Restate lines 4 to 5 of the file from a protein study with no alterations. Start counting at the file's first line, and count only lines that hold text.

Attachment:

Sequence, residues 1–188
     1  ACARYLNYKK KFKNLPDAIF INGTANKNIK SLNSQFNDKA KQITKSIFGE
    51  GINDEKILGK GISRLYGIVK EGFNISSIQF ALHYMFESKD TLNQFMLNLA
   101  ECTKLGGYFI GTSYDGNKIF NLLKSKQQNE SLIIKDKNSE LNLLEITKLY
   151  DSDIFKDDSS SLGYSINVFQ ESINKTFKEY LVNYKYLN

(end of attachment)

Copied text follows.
   101  ECTKLGGYFI GTSYDGNKIF NLLKSKQQNE SLIIKDKNSE LNLLEITKLY
   151  DSDIFKDDSS SLGYSINVFQ ESINKTFKEY LVNYKYLN